July update

The 3 weeks since my last blog post has gone like a flash! The Lava Rosa Kohaku babies have grown at a rapid pace, and are almost at first selection size after just 3 weeks in the fry pond! My record is 27 days…. And, we might match that!

The heron is starting to take an interest… and so I’m not keen to leave them in the pond any longer than I have to. I'm sure we've suffered some losses and we will need to accelerate the harvests and take the fish in a littler smaller than we'd like to preserve stock.

On the Sharkey Kohaku babies. We’ve completed selection on the first pond harvested. And, we harvested the second pond last weekend and pulled out another good harvest. So, just one more pond of Sharkey Kohaku to harvest, which will be this weekend’s job. As well as selection of the harvested fry.

The good news with the Sharkey Kohaku fry from last weekend’s harvest is their large size… they’ve come out at an average of 1.5 inches rather than 1 inch and this a very satisfying result. There were a couple of shooters in the pond that must be at least 3 inches.

We have far more Kohaku than last year so overall we are tracking to plan in terms of significantly increasing our Kohaku production.

With 5 ponds put to Kohaku, we have been turning our attention to rearing some other varieties. And, we’ve been running other spawnings over the last couple of weeks to move us along with that. The Beni Kikokuryu spawned, but the males let me down… they are still too immature and we didn’t get any fertilisation from them. This was very frustrating indeed – we both wanted to make Beni Kikokuryu a key part of the 25 % of our annual production that is given to varieties other than kohaku. Unfortunately, they will need to wait until next year….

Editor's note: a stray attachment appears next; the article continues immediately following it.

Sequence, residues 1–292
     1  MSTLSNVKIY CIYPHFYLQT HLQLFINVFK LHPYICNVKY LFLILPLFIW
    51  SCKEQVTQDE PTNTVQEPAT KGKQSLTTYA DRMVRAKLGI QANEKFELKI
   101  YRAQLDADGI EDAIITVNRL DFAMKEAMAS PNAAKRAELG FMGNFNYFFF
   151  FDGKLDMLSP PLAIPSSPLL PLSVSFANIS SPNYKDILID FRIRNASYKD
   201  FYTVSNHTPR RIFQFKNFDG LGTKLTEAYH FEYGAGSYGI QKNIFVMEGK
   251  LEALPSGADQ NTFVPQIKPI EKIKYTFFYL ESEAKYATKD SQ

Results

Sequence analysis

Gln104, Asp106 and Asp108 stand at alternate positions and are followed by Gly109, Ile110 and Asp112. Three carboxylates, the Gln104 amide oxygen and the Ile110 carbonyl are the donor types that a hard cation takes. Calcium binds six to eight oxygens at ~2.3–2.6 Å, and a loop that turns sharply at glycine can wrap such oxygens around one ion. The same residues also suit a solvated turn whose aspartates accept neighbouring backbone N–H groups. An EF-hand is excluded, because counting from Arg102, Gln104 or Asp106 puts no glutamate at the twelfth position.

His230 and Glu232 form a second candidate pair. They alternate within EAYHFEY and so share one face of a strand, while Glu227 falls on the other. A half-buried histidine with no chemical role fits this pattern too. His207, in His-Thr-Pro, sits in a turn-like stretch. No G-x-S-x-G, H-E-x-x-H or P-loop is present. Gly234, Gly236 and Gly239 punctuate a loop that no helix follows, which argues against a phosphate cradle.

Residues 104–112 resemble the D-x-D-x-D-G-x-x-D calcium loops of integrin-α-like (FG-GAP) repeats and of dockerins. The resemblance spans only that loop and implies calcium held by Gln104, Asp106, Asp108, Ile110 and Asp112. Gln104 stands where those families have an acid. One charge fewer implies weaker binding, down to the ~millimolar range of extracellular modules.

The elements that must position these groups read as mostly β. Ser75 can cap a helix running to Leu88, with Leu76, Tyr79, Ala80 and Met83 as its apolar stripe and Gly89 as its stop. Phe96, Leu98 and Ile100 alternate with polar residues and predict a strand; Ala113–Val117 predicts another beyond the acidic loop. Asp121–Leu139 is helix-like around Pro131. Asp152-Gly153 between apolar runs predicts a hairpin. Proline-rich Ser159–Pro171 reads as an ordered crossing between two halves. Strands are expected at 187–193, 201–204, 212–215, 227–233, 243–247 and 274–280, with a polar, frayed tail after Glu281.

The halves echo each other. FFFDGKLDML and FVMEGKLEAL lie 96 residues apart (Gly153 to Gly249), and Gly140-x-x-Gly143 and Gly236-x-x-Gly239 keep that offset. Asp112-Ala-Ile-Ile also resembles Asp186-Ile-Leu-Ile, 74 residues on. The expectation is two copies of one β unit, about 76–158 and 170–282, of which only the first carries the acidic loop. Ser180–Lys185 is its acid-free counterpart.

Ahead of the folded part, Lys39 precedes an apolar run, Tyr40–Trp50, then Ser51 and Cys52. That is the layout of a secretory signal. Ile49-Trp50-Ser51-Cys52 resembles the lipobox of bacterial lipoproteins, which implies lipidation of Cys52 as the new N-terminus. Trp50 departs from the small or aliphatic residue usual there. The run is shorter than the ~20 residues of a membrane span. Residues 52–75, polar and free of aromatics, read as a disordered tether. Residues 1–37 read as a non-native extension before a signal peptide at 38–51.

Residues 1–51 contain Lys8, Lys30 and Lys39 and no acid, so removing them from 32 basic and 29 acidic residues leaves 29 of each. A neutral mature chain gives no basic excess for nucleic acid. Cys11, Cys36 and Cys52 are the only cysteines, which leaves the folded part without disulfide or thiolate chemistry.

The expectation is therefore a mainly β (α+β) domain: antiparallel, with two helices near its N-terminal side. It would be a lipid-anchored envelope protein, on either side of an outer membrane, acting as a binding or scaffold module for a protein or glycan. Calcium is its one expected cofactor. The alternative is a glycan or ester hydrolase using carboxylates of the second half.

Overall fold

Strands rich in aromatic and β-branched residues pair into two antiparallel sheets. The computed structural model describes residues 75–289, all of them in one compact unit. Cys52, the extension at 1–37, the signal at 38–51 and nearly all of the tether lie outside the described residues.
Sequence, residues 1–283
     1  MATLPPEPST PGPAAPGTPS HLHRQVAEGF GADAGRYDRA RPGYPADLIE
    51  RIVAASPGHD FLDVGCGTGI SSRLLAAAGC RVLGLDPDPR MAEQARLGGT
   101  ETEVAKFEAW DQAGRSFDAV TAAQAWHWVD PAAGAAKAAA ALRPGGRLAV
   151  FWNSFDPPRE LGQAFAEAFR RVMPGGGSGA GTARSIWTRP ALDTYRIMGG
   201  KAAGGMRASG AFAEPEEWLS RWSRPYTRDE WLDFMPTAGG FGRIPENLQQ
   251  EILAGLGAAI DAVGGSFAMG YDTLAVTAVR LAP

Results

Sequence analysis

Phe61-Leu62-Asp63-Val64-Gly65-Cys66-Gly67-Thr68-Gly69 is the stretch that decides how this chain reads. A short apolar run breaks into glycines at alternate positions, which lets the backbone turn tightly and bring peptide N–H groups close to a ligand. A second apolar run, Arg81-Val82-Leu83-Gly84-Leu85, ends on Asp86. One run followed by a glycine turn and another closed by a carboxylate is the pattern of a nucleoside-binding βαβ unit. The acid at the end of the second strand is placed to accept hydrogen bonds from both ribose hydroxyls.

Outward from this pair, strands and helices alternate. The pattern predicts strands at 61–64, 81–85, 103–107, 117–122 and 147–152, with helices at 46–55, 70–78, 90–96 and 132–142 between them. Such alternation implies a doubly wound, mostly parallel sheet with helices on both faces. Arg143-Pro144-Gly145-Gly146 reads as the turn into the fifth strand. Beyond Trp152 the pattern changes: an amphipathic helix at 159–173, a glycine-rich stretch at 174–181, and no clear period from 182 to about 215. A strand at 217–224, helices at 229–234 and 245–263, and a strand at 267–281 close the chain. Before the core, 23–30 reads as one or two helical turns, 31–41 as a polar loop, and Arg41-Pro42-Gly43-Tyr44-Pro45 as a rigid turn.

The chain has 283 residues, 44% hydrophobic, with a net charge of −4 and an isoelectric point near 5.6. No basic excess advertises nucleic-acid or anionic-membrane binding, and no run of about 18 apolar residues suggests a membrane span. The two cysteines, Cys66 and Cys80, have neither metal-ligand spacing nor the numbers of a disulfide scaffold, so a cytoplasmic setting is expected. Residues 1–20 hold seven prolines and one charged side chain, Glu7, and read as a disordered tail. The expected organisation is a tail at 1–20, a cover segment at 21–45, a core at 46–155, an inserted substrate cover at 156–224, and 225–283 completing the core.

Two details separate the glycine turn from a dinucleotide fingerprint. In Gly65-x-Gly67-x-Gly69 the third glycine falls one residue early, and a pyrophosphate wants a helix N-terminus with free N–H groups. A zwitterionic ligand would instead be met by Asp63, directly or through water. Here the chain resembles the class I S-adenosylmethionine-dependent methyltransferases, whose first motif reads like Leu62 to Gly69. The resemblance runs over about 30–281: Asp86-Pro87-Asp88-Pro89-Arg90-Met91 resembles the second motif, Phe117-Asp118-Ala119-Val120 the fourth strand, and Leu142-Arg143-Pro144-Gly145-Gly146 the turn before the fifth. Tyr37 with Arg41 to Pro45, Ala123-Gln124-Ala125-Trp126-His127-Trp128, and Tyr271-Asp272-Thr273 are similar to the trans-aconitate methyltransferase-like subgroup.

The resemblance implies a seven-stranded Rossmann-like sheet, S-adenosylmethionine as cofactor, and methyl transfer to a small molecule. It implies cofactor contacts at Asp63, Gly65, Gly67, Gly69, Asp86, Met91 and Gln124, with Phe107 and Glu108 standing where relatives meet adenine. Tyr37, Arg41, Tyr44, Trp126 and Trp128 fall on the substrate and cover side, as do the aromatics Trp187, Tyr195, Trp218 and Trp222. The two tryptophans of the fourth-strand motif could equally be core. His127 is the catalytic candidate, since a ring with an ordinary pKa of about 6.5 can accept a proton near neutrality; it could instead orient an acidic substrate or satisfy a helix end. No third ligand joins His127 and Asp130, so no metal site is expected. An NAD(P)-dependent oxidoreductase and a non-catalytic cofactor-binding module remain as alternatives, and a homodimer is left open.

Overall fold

We have a fantastic batch of eggs from our showa female, ‘Little Monster Chops’ – I might have to start calling her LMC for short to save her blushes. She’s not little – she’s over 80cm; we call her little because she’s smaller than an older female we used to call ‘Monster Chops’. Anyway, I’ve given her a place in the best growing tanks for the last year – and she delivered a large volume of eggs. We had a lower fertilisation than I expected and there was a problem rearing the eggs – so what should have delivered us several ponds worth of hatchlings, has delivered us just about a pond’s worth of hatchlings. We’ll take that! We also have a kujaku female that I haven’t talked much about on my blog, and I wasn’t expecting too much from her this year because she didn’t have many eggs. We left her to spawn naturally, and she had very few eggs as I expected, but we ended up with a really good hatch – basically, a pond’s worth of hatchlings! So… as things stand today, we have 2 ponds cycling, and one will be put to showa, and the other to kujaku.

A good % of these showa fry are black, which is promising
I think we will get to re-use 2 more ponds with late summer spawnings… and, we are preparing those ponds currently, and will run spawnings over this weekend and next week to generate some hatchlings to use there. I’ve spawned all my kohaku females already this season so I have to look at the females we have left to spawn. There’s a shiro utsuri (that my youngest daughter wants to spawn), a showa and 2 ogons – the 2 ogons that let me down a few weeks ago!

I expect we’ll be spawning all of those females, and depending on how they go and how much pond space we can create for these late spawnings – I might have a second go with one of the Kohaku that I spawned very early in the summer.

The year of production is starting to take shape, and we are in a good position. That said, we still have a lot of plates spinning! Lots of competing priorities and priority calls literally every day and another busy couple of weeks coming up with more spawnings, harvests and a lot of selection to get through.

A very satisfying moment from the last week was putting the first batch of 2019 fry into the growing on system… That’s one grow on pond filled, and 5 left to go.